If so, that would be gas on the fire, wouldn’t it? Because there will always people who know people inside a program and are thus savvy to injury issues. Maybe the better fix would be to require schools to list all injuries..but then..there’s the confidentiality rights of the player to consider..
      (I think I just talked myself into believing “not reporting injuries” is best) And also, there are always over-hyped injuries to confuse the next opponent’s game planning. Training assistants that will leak info may be poised to make some big money.

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    • Argondawg

      That is what I thought as well.

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    • Gurkha Dawg

      I’m not so sure about HIPAA. I know that Physicians, Hospitals, Surgery Centers, etc. have to protect medical records, but I don’t think coaches do. The player is not under the medical care of a coach.

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  4. SemperFiDawg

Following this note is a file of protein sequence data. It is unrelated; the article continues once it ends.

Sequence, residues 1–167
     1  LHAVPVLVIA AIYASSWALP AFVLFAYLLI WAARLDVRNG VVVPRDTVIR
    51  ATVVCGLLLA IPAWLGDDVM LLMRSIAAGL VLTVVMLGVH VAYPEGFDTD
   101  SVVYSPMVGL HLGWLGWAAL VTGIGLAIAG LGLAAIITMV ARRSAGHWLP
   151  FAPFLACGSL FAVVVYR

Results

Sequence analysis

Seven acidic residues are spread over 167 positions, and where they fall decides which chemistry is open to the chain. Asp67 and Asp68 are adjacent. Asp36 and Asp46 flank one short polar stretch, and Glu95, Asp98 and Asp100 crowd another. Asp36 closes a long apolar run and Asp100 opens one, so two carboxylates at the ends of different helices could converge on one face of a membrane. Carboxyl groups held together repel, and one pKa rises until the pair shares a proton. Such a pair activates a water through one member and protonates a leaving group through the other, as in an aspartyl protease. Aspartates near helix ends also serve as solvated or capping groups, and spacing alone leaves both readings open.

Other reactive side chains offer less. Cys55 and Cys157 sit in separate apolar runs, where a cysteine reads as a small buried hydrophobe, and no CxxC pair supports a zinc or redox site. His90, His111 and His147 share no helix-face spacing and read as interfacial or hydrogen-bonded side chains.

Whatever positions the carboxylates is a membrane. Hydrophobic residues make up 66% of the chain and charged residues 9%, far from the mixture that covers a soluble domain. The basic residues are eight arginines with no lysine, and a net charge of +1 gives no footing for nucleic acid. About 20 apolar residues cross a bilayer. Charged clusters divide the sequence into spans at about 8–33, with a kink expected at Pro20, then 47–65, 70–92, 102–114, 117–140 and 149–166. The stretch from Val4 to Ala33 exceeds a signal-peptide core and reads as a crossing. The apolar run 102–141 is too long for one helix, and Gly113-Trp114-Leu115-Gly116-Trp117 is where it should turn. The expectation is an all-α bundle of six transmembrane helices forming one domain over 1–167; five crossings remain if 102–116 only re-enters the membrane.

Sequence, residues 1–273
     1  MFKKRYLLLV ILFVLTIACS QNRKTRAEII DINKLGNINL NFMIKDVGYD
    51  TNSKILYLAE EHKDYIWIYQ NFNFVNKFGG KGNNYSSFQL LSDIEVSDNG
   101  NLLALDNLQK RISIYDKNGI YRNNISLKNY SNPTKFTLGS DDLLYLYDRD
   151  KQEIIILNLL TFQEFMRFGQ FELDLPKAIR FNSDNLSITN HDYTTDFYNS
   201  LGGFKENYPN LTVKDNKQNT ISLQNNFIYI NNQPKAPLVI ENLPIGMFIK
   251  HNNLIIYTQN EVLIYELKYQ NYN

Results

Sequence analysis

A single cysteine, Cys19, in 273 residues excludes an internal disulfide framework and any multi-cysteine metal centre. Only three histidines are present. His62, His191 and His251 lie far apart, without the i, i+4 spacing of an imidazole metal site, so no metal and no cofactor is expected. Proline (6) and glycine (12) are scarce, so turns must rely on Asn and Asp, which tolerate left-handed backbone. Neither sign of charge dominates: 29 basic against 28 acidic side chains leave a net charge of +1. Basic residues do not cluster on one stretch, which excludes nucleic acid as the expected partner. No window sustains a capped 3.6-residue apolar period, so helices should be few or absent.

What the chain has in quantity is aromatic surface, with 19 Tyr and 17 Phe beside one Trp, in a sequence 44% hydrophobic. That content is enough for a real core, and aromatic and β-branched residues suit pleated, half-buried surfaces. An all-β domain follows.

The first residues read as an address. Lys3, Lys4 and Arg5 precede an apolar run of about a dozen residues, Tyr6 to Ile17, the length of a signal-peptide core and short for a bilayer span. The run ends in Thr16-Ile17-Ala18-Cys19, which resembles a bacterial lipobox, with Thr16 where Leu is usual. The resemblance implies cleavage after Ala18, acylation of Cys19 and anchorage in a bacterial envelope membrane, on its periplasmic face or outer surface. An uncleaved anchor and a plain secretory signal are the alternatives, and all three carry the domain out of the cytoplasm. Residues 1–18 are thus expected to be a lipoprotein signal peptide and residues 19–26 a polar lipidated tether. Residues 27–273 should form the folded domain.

Bookies vs Athletic Directors. The game was over when the Supreme Court blew the whistle. The ADs,Conferences, and NCAA lost before they ever realized the game had started. The ADs don’t collectively have enough sense to pour pee out of a boot with directions wrote on the heel.
    College sports will look like what Vegas dictates, and there’s not much anyone can do about it.

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    • I don’t get the uproar about the SCOTUS decision. I haven’t read the opinion, but it seems the Court has said it was a violation of the US Constitution for Congress to bar every state from having the ability to provide sports gambling if its state legislature so desires. The way it was before was crony capitalism at its worst.